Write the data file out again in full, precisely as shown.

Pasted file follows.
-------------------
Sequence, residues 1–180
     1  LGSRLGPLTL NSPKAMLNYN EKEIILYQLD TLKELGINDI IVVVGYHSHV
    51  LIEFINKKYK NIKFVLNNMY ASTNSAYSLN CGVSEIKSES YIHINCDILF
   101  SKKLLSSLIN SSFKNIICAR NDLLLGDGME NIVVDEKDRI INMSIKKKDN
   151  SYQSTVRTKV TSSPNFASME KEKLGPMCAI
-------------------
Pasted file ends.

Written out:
Sequence, residues 1–180
     1  LGSRLGPLTL NSPKAMLNYN EKEIILYQLD TLKELGINDI IVVVGYHSHV
    51  LIEFINKKYK NIKFVLNNMY ASTNSAYSLN CGVSEIKSES YIHINCDILF
   101  SKKLLSSLIN SSFKNIICAR NDLLLGDGME NIVVDEKDRI INMSIKKKDN
   151  SYQSTVRTKV TSSPNFASME KEKLGPMCAI